DHQ: Digital Humanities Quarterly
2021
Volume 15 Number 2
2021 15.2  |  XMLPDFPrint

“Beyond the Word:” Immersion, Art, and Theory in Environmental and Digital Humanities Prototyping

Hanna Musiol <hanna_dot_musiol_at_ntnu_dot_no>, Norwegian University of Science and Technology

Abstract

“Beyond the Word” explores the entanglements of Digital and Environmental Humanities (D&EH) with the word and textuality — but also beyond the word and text — with bodies, art, and digital apparati at its center as narrative, speculative, performative, and immersive instruments. Specifically, this article details efforts to incorporate mixmedia immersive literate, sonic, and visual art as a vehicle for teaching critical, speculative D&EH at a time of global ecological and digital transformations. Using two transdisciplinary humanities initiatives developed at the Norwegian University of Science and Technology as test cases, this text focuses on pedagogical prototyping experiments that encourage nondeterministic uses of, and thinking about, digital tools as vehicles for poetry, transmedia environmental storytelling, critical theory, ethics, and immersive archival reimagining. The article covers the design process and sample activities incorporated to transform the multimodal literature and theory classroom into inclusive, immersive commons, and it concludes with a reflection on the ethical ramifications of such D&EH work.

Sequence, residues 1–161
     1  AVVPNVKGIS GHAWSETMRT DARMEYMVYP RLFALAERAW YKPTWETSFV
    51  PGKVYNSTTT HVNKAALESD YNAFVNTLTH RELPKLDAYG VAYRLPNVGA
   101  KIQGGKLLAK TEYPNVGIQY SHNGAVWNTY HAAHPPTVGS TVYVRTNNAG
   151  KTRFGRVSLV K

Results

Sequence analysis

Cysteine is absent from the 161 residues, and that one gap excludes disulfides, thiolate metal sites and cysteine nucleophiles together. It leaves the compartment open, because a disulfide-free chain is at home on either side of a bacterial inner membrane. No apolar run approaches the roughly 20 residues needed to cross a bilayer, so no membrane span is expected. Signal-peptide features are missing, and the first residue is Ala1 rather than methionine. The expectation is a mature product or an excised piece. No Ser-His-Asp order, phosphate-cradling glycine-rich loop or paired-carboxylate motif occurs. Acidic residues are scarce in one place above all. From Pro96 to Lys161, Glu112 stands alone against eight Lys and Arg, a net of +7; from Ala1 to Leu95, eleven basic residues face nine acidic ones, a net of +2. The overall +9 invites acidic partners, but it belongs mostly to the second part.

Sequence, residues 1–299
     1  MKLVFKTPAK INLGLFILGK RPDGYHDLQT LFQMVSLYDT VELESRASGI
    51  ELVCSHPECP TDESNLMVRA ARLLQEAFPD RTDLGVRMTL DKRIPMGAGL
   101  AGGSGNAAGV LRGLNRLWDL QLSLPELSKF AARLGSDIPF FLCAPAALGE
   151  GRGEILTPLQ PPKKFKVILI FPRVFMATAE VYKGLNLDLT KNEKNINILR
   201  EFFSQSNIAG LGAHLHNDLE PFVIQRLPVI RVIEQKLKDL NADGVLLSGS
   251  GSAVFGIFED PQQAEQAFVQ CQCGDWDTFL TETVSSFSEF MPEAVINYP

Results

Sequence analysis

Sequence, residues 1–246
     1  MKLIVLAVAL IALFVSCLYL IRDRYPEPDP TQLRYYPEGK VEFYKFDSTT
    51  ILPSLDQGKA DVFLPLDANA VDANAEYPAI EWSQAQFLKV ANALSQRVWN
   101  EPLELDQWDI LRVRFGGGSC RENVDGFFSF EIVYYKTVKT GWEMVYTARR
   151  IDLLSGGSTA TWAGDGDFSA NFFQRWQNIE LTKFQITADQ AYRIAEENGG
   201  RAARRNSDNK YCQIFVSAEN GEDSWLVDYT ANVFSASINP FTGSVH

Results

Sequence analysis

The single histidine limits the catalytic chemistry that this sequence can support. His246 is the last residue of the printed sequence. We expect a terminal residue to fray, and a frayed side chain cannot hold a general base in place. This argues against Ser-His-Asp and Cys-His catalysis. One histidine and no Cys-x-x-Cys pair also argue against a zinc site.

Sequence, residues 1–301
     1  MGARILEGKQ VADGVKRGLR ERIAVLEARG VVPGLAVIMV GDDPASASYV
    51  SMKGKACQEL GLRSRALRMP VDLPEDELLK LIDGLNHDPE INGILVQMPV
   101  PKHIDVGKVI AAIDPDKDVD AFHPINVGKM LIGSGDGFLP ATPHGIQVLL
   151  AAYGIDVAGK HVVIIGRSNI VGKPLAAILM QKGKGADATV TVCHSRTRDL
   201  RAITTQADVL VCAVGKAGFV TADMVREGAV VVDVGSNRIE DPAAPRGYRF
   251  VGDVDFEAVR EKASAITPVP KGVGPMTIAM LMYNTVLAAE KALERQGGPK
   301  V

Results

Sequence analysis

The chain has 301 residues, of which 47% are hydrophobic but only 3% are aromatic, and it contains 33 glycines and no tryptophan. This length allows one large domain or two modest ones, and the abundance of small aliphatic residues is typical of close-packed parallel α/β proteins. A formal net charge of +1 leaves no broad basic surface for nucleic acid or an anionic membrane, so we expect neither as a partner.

I . . . approach the computer as a theatre machine.
—Nancy Mauro-Flude (2016)

. . . text mining . . . usually begins with The Word. We extract The Word; we count The Word; we stem The Word to its root; we parse The Word; we name The Word; we disambiguate The Word; we collocate The Word; we count The Word again; we apply an algorithm that allows us to reconstruct the world of The Word as one we can visualize as a list, as a line graph, as a histogram in small multiples, or on big screens. We use the view this new world provides us to interpret The Word.
—Tanya Clement (2016, 534)

The surface of the body is a thinking, feeling surface. . . I cannot stop touching the speech of the body.
—Erin Manning (2007, 9)

“Beyond the Word:” Immersion, Art, and Theory in Environmental and Digital Humanities Prototyping

The picture shows a room with large windows and plants.
Figure 1. 
Amanda Ackerman and Dan Richert, Unknown Giants, Kunsthall Trondheim (2017). Photo by Aage A. Mikalsen, Kunsthall Trondheim. Used with permission.